With regard to HR during the night on the northern side of the tree, a pronounced difference between root and stem was observed. In the root, only the inner xylem layers (45–25 mm below the cambium) contributed to HR, whereas, in the stem, the middle xylem layers (35–15 mm below the cambium) contributed most to HR. As such, this is clear evidence of radial sectoring in the xylem.
Integrated view of temporal and radial influences of localized irrigation
A more complete picture, integrating both the temporal and radial variability of HR in both the roots and stem, is depicted in the surface plot (Fig. 7) for the period between the localized irrigation and the rain event (heterogeneous soil water conditions).
The fact that no reverse flow was observed on the southern side of the tree (Fig. 5, averaged values) was confirmed in Fig. 7, even when all xylem depths were considered. By contrast, the northern side of the tree showed significant reverse flow, the temporal, radial and circumferential variability of which is described below.
When looking at the temporal variability, significant night-time reverse flow was detected on the northern side of the tree (Fig. 7a,b) despite nonzero VPD (Fig. 3), suggesting the occurrence of some night-time transpiration which might reduce HR. The daily night-time reverse flow period in the root was significantly longer than that in the stem (Fig. 7a,b). Moreover, a delay of c. 3.5 h was noticed between the onset of the reverse flow period in the stem when compared with the root. Reverse flow in the root and stem ceased sharply around sunrise. This coincided with the time at which the transpiration-induced tension overruled the prevailing night-time water potential gradient. During the heterogeneously dry period, the night-time reverse flow activity continued for a longer time (several days) in the root when compared with the stem.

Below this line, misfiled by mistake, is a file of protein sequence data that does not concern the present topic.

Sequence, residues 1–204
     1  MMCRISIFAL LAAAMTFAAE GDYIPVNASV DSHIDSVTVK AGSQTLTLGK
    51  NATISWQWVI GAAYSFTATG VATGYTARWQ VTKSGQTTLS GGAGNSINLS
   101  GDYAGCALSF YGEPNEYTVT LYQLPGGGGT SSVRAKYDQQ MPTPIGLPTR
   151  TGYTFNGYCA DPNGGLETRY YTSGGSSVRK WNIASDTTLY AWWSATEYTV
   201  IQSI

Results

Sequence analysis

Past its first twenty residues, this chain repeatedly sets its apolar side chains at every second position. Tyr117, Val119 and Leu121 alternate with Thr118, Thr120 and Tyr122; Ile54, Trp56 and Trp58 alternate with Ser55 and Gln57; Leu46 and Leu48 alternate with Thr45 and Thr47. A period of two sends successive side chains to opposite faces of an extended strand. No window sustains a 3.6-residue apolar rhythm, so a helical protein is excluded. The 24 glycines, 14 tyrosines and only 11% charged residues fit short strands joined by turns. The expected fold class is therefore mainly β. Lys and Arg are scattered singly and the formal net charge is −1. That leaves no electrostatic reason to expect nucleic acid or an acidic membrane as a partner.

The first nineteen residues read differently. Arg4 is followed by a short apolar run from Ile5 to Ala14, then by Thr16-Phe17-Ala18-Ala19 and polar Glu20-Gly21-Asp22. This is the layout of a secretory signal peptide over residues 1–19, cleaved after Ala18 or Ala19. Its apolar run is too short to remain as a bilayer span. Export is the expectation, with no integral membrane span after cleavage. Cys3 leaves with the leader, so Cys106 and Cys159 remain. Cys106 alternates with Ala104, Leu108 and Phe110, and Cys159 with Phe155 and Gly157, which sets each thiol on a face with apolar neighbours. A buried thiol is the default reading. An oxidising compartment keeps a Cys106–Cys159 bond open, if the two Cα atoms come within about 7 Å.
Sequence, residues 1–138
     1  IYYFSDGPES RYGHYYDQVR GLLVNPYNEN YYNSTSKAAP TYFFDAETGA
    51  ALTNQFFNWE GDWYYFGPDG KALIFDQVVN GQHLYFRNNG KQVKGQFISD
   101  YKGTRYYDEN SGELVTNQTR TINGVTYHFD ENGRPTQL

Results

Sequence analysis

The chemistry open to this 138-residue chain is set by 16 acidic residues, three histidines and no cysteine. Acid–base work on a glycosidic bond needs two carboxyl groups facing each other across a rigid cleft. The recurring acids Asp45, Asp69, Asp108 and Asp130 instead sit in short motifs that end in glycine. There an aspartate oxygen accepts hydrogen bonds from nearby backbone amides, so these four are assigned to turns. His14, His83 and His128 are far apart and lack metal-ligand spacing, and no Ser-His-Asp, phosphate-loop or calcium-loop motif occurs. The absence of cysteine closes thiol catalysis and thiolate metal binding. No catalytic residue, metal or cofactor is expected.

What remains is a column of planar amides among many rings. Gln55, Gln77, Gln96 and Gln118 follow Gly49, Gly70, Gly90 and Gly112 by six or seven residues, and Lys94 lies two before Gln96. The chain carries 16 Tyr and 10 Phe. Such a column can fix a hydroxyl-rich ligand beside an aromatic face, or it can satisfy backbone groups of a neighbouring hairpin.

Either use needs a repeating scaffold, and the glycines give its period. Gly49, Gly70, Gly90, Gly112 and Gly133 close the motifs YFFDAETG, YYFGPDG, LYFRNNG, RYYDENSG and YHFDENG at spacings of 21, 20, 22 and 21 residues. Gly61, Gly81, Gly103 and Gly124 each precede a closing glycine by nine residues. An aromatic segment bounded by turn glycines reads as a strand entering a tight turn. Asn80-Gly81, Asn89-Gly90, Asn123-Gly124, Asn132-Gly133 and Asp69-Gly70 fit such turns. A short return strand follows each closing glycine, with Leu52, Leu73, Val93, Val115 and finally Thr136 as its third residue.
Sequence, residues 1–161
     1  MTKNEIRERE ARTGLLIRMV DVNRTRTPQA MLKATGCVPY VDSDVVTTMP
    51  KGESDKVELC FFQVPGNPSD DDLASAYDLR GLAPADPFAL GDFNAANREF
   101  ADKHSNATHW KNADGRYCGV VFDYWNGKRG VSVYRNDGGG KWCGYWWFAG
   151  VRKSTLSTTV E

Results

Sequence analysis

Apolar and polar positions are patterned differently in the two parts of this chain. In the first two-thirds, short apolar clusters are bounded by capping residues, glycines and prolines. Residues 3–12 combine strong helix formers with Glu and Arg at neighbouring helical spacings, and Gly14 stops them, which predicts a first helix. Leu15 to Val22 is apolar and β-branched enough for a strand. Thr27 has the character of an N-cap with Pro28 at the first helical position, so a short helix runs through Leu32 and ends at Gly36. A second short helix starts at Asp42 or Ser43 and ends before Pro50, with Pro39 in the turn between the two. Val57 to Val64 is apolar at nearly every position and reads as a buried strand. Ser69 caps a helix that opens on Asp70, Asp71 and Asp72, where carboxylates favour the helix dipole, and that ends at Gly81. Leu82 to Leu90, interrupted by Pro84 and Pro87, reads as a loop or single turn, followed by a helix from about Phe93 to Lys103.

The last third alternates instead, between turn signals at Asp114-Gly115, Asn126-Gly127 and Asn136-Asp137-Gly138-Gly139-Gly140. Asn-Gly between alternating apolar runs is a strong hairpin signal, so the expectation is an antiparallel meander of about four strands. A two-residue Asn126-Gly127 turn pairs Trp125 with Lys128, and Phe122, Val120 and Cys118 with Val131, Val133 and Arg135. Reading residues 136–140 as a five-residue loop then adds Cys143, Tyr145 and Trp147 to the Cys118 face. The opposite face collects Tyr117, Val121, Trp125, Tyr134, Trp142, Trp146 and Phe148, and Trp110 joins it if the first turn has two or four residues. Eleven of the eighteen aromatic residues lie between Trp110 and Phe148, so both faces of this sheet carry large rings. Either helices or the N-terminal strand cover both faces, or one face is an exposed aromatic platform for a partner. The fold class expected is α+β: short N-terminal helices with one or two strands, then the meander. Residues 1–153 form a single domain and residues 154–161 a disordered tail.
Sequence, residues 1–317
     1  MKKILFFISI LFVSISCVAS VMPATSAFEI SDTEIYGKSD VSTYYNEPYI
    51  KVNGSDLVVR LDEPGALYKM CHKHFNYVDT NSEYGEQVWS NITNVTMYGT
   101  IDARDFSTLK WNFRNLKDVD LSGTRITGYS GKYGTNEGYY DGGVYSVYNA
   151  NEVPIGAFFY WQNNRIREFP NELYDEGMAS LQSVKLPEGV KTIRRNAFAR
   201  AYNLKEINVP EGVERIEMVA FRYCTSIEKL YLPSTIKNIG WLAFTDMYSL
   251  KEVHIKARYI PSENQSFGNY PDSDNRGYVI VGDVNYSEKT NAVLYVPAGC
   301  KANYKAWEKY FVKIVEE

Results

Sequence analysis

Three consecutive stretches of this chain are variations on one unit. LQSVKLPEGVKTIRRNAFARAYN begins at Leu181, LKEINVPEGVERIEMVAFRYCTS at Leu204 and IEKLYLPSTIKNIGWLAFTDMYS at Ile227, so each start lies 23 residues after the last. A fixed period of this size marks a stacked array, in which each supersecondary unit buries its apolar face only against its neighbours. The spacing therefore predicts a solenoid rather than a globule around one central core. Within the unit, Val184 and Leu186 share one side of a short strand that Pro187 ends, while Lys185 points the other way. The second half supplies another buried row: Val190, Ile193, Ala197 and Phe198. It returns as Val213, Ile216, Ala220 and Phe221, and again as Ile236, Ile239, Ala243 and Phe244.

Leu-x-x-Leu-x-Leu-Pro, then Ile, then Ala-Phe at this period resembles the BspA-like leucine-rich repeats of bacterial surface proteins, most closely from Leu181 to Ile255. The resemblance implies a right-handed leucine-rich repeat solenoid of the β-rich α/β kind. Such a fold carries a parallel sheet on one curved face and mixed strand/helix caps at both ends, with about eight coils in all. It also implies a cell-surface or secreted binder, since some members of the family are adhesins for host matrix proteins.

With regard to the radial variability, it was apparent that the reverse flow values were higher in the root than in the stem (Fig. 7a,b: indicated by the green colour intensity). Differences in magnitude were observed not only between the root and stem, but also between subsequent xylem depths. Indeed, although, in the stem, all measured xylem layers contributed to the reverse flow, only the inner layers in the root showed negative sap flux densities (Fig. 7a,b). As the reverse flow decreased with time, the HR remained more and more restricted to the inner xylem layers in both the stem and root. Moreover, in the root, an opposite flow was detected, where the inner layers transported water towards the soil and the outer layers conducted water towards the stem base. Although a typical radial sap flux density profile already demonstrates some radial sectoring, a bidirectional flow pattern can be regarded as the ultimate evidence of radial sectoring (Fig. 7a).
In addition to this radial sectoring, circumferential sectoring was also distinguished, whereby the northern and southern sides of the tree showed differences in sap flux density pattern, even before localized irrigation (Fig. 7). Although this has already been reported in several studies (e.g. Čermak et al., 1992, 2004; Saveyn et al., 2008), the simultaneous observation of opposing flows in the northern and southern parts of the stem after the application of localized irrigation was especially remarkable. This particular observation demonstrates the existence of stem-mediated HR in Douglas-fir.
Sap flux density correlation analysis
As a result of the experimental design, three distinct periods could be discerned: the homogeneously dry period (before localized irrigation), the heterogeneously dry period (after localized irrigation) and the homogeneously wet period (after the rain event). In order to investigate how water transport in the roots related to the mean stem sap flux density during these three periods, an analysis of possible correlations was performed (Fig. 8). Strong linear relationships were found between the mean stem sap flux density and the mean root sap flux density (Fig. 8a) for the three periods. A clear distinction could be made between the wet and dry periods (i.e. homogeneously vs heterogeneously dry).